Suggestion: Provide PDF/Images Compression/Shrink features in DEVONthink

Provide ability for DEVONthink to “shrink/compress” PDF and Image files as part of the import of PDFs or after the fact by calling a Smart Rule which might say something like “if image size > X, then compress to [some description of the degree of compression required]”

I do this manually for most every PDF that i put into DEVONthink using PDFPen. I’ve tried to write some automation for it, but never has been reliable. I know there are a few products out there that can maybe do it better but I’ve not pursued. Just seems to be a natural feature if it were put into DEVONthink, say version 4.

The same feature for image files linked to Markdown (those in “Assets”) would be useful too.

Did you try with the sips command line utility? It’s supposedly working for JPEG and a lot of other formats (though not WebP) and could be called from a smart rule through do shell script or doShellScript.

Similarly, one could use ghostscript to compress PDFs. However, ghostscript is apparently no longer delivered with macOS and must therefore be installed with brew or something similar. Again, that could be done inside a smart rule with a script and do shell script/doShellScript.

OTOH: Image quality is only available for some formats, eg JPEG and WebP. And I doubt that a PDF not containing any image data can be compressed a lot (internally, that is – one can of course zip it).

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Well, no I haven’t tried the “sips” command line utility, but I have used ghostscript and others over the years.

The point of my “feed back feature-request” was to do just that. Sort of done with fiddling with the computer and now trying to be focused on the content of all the stuff in my DEVONthink databases and produce some useful stuff out.

Perhaps if it’s as simple as using “sips” the feature could be included in DEVONthink someday.

As far as I remember that’s even doable via Automator although nobody seems to remember/use this any longer :joy:

I came up with a script for image compression:

const fileSizeThreshold = 1000000; /* 1 MByte */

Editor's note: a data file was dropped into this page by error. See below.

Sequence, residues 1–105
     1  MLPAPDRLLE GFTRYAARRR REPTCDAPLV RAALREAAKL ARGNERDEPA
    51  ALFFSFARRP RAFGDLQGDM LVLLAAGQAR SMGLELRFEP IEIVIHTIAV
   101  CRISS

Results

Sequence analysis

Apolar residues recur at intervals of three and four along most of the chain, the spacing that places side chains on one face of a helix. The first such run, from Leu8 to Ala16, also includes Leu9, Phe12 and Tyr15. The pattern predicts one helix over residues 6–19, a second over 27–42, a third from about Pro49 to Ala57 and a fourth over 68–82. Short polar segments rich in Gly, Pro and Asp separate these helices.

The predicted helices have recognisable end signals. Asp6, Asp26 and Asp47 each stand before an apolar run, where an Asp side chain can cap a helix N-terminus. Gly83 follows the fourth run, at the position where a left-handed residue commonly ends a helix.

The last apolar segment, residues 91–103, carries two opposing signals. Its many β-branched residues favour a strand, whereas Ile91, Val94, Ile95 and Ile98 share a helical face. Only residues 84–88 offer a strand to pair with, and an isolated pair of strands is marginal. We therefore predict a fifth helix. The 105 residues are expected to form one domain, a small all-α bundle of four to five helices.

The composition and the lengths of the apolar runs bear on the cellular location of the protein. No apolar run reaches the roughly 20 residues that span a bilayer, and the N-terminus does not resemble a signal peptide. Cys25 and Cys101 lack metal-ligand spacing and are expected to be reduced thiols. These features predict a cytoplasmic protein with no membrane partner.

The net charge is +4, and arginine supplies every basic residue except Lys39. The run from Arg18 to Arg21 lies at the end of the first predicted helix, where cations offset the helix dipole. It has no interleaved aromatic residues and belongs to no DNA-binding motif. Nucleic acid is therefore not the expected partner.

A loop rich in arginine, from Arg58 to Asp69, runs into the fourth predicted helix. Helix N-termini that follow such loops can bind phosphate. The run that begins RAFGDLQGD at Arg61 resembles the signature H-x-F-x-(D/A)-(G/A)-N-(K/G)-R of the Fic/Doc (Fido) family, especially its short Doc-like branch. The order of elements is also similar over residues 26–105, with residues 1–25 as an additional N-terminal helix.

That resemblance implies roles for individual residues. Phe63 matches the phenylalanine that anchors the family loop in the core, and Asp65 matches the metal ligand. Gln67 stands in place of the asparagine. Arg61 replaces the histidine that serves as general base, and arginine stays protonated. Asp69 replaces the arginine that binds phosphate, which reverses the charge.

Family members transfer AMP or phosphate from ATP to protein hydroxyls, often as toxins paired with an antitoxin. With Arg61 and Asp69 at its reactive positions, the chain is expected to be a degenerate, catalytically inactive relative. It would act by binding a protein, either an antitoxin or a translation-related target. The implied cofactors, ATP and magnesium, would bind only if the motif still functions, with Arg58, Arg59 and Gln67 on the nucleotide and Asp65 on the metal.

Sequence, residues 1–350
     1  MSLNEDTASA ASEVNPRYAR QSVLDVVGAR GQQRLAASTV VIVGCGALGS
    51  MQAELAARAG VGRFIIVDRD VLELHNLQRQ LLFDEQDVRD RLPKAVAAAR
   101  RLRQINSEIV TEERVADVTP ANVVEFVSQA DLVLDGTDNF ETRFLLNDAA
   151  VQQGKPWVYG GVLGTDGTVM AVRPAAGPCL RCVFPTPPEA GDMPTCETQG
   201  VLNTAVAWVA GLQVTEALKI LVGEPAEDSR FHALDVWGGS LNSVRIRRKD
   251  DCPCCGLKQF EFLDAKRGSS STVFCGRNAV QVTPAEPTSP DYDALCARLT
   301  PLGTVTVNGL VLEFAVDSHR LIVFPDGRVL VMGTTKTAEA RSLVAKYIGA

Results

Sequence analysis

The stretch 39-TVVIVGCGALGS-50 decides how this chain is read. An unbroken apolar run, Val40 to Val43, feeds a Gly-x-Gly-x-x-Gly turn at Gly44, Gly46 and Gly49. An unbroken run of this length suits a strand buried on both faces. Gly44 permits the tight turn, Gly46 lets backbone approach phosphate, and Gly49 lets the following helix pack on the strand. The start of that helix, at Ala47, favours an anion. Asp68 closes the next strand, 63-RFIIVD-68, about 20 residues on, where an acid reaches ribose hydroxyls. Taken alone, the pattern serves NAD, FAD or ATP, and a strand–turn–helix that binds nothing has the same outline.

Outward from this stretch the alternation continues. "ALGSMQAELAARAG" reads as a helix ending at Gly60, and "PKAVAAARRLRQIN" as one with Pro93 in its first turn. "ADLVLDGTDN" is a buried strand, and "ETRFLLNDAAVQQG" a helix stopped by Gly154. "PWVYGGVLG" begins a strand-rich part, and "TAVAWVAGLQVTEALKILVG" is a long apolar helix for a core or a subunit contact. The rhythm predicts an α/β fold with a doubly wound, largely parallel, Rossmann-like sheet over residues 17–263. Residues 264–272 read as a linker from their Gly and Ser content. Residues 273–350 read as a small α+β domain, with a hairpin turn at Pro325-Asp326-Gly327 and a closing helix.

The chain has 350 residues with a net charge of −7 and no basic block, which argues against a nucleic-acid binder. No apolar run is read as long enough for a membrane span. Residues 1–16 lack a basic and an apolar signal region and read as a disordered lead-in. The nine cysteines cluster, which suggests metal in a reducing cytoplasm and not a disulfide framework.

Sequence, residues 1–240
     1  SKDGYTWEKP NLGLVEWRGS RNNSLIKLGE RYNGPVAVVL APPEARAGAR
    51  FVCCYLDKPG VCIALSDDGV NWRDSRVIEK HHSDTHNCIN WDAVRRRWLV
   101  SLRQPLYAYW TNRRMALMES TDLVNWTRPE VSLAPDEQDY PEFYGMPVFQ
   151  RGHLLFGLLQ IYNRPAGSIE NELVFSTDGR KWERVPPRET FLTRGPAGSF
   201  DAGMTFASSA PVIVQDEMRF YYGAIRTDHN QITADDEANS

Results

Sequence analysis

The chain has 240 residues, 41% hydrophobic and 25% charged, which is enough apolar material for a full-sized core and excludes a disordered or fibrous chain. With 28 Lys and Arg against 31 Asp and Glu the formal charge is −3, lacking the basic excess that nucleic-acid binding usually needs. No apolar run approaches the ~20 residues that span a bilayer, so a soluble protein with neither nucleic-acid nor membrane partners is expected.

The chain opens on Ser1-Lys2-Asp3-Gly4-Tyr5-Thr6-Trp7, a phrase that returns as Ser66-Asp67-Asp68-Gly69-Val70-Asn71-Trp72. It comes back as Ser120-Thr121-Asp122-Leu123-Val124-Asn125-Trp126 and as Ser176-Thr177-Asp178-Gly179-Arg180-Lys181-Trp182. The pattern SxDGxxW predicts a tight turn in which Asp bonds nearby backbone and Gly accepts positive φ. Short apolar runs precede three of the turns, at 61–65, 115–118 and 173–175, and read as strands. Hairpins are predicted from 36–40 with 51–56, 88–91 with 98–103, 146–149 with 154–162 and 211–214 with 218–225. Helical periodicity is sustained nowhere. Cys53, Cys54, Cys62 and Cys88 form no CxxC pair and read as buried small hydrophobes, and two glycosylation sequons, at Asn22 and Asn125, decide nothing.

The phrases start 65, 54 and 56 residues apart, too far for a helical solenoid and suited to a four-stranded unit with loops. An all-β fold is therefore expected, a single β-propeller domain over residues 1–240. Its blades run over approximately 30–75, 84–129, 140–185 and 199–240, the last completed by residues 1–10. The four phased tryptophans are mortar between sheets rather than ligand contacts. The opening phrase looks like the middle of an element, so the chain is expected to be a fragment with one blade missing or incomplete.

(() => {
  if (Application.currentApplication().name() !== "DEVONthink 3") {
    const app = Application("DEVONthink 3");  

function performsmartrule(records) {
  const app = Application.currentApplication();
  app.includeStandardAdditions = true;
  const DT = Application('DEVONthink 3');
  records.filter(r => r.type() === 'picture' && r.size() > fileSizeThreshold).forEach(r => {
    const filename = r.path();
    const targetGroup = r.locationGroup();
    const outname = r.nameWithoutExtension();
    const outpath = `/tmp/${outname}.jpg`
    const ratio = (fileSizeThreshold / r.size()) < 0.85 ? fileSizeThreshold/r.size() * 100.0 : 85;
    const command = `sips -s format jpeg -s formatOptions ${ratio} --out '${outpath}' '${filename}'`;
    DT.import(outpath, {to: targetGroup});
    app.doShellScript(`rm '${outpath}'`);

How it works:
You can either use it as an external script in a smart rule or in Script editor or osascript. In the latter cases, it works with the records currently selected in DT. Using filter, it skips all files neither images nor larger than the fileSizeThreshold constant (in bytes). For the remaining records, it calculates a compression ratio, which is at least 85 percent. May be that’s not the best idea… Then the sips command line is built, which saves the new image in the /tmp folder. Finally, this new image is imported in the same group as the original image and then deleted from /tmp. Quite straightforward stuff, but…